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A new tactile banknote, but accessible banking faces technological threat

20 September 2017

While Australian currency is now more accessible than ever with today’s launch of the new tactile $10 note, concerns remain that technology being introduced by the commercial banking sector could leave people from the blind and low vision community behind.

Today’s launch of the new $10 note has been welcomed by blindness and low vision advocates, however they have also warned about the new wave of challenges faced by the blind and low vision community when it comes to accessible banking.

Karen Knight, Vision Australia General Manager of Advocacy and Engagement, said while tactile currency has provided the blind and low vision community with greater confidence and security in transacting with banknotes, technology such as touchscreens pose a major hurdle to accessible banking.

“From speaking to our blind and low vision clients we know the introduction of the tactile $5 note has had a positive impact in their lives and we’re excited to see a second tactile note entering circulation,” Ms Knight said.

“They say the tactile features have significantly helped them to identify banknotes and to feel more confident to pay with and receive cash,” she said.

“While cash still plays a major role in day-to-day transactions, electronic payment methods are increasingly becoming the norm. It’s vital that any further advances in technology in this area have accessibility at the forefront.”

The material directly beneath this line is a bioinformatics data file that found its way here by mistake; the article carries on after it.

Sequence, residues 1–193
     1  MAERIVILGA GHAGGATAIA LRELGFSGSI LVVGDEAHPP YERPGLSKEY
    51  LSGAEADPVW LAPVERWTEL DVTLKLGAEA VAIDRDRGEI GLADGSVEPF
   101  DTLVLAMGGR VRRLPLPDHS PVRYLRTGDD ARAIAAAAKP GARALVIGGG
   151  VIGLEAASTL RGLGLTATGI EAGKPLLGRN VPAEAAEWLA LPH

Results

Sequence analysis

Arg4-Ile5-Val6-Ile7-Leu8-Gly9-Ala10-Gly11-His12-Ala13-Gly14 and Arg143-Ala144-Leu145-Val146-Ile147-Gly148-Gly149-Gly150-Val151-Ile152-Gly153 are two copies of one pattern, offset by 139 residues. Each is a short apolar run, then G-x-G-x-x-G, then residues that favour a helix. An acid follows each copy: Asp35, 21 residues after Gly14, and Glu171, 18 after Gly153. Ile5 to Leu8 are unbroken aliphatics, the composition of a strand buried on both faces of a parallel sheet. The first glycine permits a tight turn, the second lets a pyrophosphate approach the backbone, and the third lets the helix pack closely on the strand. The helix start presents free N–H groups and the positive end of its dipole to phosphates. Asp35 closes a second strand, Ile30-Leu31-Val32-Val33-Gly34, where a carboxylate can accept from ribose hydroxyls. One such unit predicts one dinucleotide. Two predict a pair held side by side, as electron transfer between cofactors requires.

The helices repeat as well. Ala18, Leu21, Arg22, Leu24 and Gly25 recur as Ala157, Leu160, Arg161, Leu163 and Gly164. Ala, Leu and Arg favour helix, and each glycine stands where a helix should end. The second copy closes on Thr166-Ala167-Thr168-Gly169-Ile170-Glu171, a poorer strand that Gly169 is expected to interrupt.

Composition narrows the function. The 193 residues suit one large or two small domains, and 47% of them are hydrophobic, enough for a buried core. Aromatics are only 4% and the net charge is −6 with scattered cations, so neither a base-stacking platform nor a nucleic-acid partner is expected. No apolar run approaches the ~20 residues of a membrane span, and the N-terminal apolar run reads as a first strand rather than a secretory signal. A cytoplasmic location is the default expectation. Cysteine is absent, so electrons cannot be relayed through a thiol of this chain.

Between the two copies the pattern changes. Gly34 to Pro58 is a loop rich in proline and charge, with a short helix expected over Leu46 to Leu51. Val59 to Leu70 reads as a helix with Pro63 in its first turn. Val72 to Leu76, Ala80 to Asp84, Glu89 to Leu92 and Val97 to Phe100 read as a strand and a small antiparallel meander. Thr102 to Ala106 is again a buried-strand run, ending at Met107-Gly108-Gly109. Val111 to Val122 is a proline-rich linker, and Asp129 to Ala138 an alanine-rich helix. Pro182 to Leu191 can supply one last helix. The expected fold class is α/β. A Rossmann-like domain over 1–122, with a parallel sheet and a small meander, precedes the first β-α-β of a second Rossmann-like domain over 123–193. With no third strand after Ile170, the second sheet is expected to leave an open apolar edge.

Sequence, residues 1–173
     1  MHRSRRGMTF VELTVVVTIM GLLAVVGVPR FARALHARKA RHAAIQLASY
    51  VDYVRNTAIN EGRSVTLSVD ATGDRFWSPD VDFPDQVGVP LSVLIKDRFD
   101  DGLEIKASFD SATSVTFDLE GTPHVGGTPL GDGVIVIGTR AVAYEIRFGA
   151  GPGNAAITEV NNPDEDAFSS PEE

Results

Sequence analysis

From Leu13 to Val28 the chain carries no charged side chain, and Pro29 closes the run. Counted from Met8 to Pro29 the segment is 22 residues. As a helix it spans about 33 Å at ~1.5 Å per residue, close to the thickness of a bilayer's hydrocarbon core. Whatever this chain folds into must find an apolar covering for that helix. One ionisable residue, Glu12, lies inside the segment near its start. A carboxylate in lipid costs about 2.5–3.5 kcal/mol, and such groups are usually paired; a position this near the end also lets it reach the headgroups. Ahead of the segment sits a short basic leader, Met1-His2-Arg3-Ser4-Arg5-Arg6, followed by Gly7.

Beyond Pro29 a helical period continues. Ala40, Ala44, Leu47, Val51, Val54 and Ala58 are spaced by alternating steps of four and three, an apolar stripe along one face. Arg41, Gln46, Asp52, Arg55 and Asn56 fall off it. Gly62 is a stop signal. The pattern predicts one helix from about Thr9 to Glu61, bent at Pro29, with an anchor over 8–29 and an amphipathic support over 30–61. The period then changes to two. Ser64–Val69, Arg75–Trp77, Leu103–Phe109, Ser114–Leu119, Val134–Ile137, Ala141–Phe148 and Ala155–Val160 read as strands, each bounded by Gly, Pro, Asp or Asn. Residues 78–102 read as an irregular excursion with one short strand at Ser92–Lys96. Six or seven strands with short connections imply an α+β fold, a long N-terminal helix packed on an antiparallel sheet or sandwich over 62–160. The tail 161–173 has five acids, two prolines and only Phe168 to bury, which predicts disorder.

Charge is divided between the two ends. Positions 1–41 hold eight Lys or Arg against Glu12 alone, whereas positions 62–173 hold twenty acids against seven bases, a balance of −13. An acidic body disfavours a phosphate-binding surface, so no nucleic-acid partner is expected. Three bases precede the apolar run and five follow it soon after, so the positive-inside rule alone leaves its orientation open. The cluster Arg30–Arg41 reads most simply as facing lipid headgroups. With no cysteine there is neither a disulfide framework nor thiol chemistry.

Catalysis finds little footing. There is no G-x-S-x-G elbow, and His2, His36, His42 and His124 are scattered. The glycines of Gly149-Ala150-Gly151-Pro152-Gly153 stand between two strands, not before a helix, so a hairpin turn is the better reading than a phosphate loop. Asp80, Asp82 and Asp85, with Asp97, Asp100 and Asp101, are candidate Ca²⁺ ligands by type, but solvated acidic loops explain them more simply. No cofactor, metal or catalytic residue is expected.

Image shows a new $10 note being looked at through a magnifying glass
Ms Knight said the Australian banking sector needs to be in constant and permanent discussion with the disability and accessibility sectors to ensure any advancements take into the consideration the needs of all Australians.

“People who are blind or have low vision deserve the same opportunities as everyone else to complete their financial transactions safely and securely and to be able to access their finances easily.

“We aren’t against idea of ‘smart banking’ such as mobile apps, touchscreens on ATMs and other merchant devices, but the blind and low vision community should not be put in a position where they have to hand over their personal information or rely on another person to help them complete a transaction.”

Media contact: Phil McCarroll, Communications Advisor, Vision Australia, 0416 632 253

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